SGP Community Day
With recent sweeping changes out of China, seeking new options for recycling was at the forefront of conversation at the sustainability event.
The Sustainable Green Printing Partnership (SGP) gathered SGP-certified printers, partners, brands, suppliers, buyers, and industry leaders for the fifth annual SGP Community Day conference in November, hosted this year in Cincinnati. Cincinnati was named the most sustainable metro area in the nation for the second year in a row by Site Selection magazine, creating an ideal location for the event.
SGP, which is celebrating its 10th anniversary, certifies printing facilities’ sustainability practices. The theme “state of sustainability” was weaved throughout interactive educational sessions on in-store retail, plastics and packaging, textiles, and events and building graphics. At the event, SGP also introduced Impact Tracker, a web platform SGP-certified printers will use to track all of the measurable components required for maintaining their certification.
Collaboration Is Key
Keynote speaker Ryan Mooney-Bullock, executive director of Green Umbrella Regional Alliance in Cincinnati, shared her organization’s efforts to coordinate its members throughout the city to work in concert toward measurable, shared, sustainability goals. She emphasized that the successes of Green Umbrella advancing the cause can’t be traced to a single person – collaboration was the key component. “The work our teams are engaged in is beneficial to all involved,” Mooney-Bullock said. “Collaboration is an ongoing process and everyone has something to contribute.”
Paul Glynn, manager of materials, digital technologies, R&D at Designtex, an SGP-certified print shop, also discussed the value of a team approach to sustainability. “It takes a lot of people in the company to be active and aware – it has to be top-to-bottom and bottom-to-top participation. If you don’t have that, you aren’t going to have the impact,” he said.
When it comes to a holistic sustainability plan, it’s also important to tap into the champions of the cause within your organization. Glynn, who is also the incoming chairman of the SGP board of directors, explained how Designtex’s recycling efforts were nearly thwarted when China closed its doors to recyclable imports (more on that topic below). “Our recycling fell by half.” A passionate member of the Designtex team was so disturbed by this, that he pursued every possible alternative avenue for recycling and reusing their waste.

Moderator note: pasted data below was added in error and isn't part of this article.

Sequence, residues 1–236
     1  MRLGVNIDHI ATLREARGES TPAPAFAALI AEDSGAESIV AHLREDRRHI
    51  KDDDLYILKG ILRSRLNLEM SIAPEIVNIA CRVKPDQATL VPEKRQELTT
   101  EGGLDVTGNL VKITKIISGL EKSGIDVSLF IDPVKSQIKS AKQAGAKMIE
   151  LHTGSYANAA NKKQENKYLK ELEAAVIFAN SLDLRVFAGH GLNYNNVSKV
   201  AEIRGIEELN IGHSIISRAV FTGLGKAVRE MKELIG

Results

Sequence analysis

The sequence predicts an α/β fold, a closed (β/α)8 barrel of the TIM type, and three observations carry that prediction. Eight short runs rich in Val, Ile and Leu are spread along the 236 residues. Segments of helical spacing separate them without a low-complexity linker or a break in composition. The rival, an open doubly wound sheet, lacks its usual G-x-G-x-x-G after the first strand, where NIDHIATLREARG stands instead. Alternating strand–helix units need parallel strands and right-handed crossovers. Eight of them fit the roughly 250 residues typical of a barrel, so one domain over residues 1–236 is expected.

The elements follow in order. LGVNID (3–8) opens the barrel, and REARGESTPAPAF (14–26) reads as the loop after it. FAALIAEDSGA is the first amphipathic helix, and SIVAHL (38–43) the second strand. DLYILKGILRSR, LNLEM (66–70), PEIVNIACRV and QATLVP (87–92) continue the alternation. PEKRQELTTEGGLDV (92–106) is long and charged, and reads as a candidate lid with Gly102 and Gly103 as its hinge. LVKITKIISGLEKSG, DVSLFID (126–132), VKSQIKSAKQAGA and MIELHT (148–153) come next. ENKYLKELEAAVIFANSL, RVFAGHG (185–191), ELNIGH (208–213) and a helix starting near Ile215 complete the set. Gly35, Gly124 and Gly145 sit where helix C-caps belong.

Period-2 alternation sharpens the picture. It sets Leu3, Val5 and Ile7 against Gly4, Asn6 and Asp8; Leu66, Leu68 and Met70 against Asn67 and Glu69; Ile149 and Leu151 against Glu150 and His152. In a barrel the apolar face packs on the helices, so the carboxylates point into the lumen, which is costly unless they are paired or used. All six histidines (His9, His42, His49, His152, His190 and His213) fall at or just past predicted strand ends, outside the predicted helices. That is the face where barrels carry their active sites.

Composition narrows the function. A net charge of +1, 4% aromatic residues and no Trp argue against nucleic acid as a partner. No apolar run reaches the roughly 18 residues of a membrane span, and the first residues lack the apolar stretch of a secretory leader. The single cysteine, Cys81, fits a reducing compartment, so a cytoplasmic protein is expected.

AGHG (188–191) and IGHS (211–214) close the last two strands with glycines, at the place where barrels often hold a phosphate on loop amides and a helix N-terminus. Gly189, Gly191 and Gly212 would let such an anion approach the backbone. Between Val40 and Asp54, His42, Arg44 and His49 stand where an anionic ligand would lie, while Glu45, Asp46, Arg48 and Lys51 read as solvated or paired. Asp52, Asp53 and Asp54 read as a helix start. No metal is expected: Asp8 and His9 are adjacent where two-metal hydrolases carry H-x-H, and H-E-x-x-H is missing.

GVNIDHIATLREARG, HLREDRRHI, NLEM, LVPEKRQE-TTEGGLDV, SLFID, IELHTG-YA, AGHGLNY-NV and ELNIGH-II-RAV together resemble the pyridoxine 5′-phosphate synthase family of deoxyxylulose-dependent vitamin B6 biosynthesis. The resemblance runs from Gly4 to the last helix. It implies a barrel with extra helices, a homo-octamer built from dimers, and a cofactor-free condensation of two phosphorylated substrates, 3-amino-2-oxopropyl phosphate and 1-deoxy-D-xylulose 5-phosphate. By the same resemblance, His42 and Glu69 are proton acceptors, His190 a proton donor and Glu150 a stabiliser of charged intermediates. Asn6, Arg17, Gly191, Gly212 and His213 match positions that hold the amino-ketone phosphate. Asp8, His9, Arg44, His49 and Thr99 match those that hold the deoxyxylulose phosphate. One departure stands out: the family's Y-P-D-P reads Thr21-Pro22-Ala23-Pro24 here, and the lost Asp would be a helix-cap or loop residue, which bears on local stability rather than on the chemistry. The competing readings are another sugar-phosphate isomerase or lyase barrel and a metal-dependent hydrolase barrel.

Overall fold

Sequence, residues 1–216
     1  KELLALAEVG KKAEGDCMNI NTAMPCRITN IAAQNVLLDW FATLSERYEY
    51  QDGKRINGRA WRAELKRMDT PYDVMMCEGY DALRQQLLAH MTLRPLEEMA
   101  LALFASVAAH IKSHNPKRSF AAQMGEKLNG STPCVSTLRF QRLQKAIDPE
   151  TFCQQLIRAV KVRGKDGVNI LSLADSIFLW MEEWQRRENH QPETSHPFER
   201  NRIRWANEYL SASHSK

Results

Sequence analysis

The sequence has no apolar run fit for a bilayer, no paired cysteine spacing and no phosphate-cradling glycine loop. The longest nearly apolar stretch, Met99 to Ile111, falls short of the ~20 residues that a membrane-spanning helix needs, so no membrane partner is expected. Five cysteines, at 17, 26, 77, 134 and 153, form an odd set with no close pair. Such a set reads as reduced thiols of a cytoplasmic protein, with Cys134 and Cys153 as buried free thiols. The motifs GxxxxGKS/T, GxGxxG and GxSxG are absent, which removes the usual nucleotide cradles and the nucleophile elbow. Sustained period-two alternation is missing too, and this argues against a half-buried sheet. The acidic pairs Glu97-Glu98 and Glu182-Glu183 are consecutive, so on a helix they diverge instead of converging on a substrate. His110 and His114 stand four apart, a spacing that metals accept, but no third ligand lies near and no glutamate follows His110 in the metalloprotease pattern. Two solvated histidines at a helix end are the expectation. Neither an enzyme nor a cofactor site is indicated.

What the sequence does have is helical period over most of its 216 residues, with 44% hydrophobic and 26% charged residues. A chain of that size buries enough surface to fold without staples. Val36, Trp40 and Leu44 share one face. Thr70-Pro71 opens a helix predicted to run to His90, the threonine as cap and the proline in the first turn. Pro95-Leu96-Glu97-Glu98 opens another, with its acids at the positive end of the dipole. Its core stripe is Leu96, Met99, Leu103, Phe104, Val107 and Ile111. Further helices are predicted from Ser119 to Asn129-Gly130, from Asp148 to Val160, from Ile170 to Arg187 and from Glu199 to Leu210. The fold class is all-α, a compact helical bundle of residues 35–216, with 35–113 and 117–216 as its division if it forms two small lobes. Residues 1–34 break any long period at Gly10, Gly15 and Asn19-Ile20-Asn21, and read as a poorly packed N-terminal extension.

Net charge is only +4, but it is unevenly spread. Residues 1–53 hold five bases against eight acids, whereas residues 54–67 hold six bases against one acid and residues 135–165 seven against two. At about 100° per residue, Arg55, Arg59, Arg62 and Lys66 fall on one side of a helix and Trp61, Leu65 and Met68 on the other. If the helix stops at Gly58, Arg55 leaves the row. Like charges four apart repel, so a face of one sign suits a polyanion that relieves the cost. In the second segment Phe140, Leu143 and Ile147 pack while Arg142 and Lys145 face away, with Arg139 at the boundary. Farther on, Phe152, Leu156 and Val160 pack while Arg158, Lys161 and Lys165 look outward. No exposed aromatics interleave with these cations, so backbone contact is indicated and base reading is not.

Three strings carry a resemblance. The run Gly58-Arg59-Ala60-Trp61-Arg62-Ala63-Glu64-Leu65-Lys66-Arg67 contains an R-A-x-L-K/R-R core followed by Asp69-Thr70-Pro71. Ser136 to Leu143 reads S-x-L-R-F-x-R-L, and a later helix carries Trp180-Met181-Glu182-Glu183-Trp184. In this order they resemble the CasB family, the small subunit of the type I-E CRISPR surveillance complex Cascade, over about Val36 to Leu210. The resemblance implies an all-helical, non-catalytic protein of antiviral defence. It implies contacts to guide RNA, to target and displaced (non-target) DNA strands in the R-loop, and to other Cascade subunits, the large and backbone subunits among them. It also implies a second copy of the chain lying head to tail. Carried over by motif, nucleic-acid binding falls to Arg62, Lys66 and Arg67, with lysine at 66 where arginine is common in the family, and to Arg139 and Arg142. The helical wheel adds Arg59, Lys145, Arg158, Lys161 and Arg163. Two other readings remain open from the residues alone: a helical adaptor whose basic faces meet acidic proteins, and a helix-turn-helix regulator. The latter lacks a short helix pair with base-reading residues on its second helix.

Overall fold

With lots of potentially reusable and recyclable materials no longer accepted at the usual recycling centers, Designtex connected with some of their suppliers to send back some packaging components for reuse – which often took convincing.
“There’s a need for patience, diligence, listening, and finding some little nugget of information in your explorations and just following that,” Glynn said.
A Recycling Dilemma
Throughout the conference, one topic came up as the most urgent issue facing printing companies – and any type of business or individual that recycles: What do we do now that China has stopped accepting our recyclables? In many cases, as Glynn shared, it takes a lot of digging to determine how to prevent recyclable materials from ending up in the landfill. It’s an issue that’s hard to ignore when it comes to running a sustainable business.
“In 2016, China took two-thirds of this country’s recyclable plastic. Today, they take none,” said Ashley Hood-Morley, sustainability director for the Plastics Industry Association. Many other countries that had a market for recycling materials have reached capacity as a result.
The infrastructure – and demand for recycled materials – doesn’t fully exist in the US, but Hood-Morley said there is hope. “Recycling is not dead, but it is very much at a point of transition,” she added. There are signals of growth domestically.
When China passed the law banning the import of recyclables, with an eye toward improving that country’s own environmental conditions, the legislation dramatically impacted recycling access for plastic and paper in the Western world. Hood-Morley cites some positive observations: There are many new investments in recycling facilities in the US – although it will take time to get those plants up and running; upcycling (converting discarded materials into products of a higher quality or value than the original) is becoming easier; and the supply chain is coming together to explore solutions.